Before drilling the class, some schools drill for gas
PITTSBURGH — After struggling through a winter of sky-high natural-gas prices, a school system near Pittsburgh has decided to drill for its own gas.
The school board in Penn Hills, a community of 50,000 in the heart of Pennsylvania coal country, has struck a deal with Penneco Oil Co. to sink as many as 10 natural- gas wells under the district's eight schools.
The school system would get 12.5 percent of royalties plus a fixed share of the gas - not enough to supply all of its energy needs, but enough to cut its heating costs in half and delay a tax increase, officials say.
Last school year, it cost $450,000 to heat the schools, in part because of natural gas prices almost six times higher than normal.
"I'm not sure it will eliminate the need to buy any gas, but whatever the savings, we will gladly accept them," says school board member Barry Patterson. Officials hope approval will come in time to have the first well producing next month in Penn Hills.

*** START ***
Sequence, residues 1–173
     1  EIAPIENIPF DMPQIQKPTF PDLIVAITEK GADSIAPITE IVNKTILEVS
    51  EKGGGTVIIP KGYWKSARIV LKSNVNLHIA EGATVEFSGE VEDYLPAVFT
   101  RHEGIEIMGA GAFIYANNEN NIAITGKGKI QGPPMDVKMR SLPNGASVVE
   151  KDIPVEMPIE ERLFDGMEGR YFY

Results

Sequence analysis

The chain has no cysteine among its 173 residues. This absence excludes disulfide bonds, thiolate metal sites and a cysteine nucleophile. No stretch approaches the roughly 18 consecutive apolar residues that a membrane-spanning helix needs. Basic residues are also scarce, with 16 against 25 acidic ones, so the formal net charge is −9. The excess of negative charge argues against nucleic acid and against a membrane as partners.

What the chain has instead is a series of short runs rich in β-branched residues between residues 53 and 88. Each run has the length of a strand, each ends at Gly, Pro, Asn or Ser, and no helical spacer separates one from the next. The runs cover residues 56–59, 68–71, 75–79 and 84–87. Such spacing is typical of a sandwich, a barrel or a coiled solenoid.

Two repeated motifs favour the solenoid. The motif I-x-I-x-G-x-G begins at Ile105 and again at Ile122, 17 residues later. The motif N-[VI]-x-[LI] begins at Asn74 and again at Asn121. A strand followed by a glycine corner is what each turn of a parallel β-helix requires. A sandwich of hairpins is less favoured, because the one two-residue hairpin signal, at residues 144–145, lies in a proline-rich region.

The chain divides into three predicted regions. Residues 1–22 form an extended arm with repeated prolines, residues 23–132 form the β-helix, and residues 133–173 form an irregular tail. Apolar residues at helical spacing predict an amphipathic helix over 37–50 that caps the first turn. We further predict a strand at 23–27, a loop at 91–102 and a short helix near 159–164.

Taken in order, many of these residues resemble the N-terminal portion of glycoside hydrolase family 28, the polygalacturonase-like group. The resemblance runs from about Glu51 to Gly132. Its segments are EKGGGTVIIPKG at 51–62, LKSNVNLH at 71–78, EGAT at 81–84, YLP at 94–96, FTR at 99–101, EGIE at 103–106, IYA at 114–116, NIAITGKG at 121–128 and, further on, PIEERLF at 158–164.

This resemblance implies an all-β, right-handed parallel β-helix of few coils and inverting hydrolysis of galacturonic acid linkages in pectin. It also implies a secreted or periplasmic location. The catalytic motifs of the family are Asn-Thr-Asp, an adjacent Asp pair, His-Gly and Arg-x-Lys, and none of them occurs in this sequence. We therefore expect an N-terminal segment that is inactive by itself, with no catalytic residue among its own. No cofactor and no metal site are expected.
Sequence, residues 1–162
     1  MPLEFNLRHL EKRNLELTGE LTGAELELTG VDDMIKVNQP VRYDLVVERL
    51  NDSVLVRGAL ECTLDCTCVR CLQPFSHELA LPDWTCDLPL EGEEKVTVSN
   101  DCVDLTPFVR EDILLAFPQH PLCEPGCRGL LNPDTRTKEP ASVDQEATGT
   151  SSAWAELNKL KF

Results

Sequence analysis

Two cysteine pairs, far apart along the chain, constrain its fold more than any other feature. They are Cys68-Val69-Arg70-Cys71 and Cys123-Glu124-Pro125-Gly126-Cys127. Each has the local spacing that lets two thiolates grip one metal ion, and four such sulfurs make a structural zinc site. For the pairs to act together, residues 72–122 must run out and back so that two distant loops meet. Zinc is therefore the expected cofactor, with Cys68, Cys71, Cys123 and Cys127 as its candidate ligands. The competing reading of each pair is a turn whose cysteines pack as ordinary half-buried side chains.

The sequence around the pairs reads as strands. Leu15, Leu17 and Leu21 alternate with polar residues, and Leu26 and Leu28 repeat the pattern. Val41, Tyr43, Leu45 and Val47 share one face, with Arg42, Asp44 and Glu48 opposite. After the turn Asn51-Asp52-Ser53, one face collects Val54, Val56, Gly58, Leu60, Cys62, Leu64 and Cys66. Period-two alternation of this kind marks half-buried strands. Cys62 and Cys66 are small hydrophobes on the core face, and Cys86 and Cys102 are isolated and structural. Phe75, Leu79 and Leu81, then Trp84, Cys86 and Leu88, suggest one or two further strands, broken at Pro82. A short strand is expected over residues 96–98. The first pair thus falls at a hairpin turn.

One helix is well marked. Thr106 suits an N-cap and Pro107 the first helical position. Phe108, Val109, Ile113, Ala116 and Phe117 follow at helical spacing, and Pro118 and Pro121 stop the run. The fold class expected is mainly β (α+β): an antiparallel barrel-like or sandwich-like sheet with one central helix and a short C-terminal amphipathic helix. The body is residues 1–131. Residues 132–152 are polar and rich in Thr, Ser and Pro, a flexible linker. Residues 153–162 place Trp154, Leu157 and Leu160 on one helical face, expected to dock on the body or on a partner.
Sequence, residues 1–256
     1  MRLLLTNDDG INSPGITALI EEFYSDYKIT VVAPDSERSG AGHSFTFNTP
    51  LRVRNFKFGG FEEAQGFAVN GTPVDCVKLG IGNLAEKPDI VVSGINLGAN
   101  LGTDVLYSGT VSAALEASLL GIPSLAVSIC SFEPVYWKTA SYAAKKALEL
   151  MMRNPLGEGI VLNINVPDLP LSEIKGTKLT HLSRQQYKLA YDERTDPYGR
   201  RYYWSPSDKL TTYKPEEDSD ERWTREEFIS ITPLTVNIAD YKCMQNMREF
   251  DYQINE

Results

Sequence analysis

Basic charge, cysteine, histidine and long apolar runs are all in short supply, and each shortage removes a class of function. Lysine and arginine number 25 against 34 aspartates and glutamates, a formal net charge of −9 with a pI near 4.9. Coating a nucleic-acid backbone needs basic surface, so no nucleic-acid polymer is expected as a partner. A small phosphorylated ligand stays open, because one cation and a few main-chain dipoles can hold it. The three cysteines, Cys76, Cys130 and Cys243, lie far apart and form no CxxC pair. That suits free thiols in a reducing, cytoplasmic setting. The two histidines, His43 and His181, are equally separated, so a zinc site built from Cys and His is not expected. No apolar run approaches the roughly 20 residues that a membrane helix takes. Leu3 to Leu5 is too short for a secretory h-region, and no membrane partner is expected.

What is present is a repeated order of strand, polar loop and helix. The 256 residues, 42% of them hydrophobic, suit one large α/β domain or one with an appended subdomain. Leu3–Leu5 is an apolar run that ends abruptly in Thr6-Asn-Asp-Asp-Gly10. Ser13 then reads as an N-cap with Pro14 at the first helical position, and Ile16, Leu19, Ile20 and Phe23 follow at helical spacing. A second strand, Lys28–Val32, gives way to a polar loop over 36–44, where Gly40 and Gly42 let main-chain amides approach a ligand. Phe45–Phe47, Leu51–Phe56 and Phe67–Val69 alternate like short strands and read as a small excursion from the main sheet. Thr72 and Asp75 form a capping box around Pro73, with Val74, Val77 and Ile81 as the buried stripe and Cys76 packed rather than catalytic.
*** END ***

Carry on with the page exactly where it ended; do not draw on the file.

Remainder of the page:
Other schools around the United States and in Pennsylvania have leased drilling rights over the years, but this could signal a resurgence in the practice.
In oil-patch states like Oklahoma and Texas, wells already dot the landscape. "We have ... oil wells and gas wells producing next to schools, churches, restaurants, you name it," says Mickey Thompson, executive vice president of the Oklahoma Independent Petroleum Association.
About five miles from Penn Hills, the Plum Borough district has three wells - one about 500 feet from an elementary school - that have been producing gas since 1996. Officials say the wells helped them avoid last winter's energy crunch and earned $11,000 in royalties last year.
(c) Copyright 2001. The Christian Science Monitor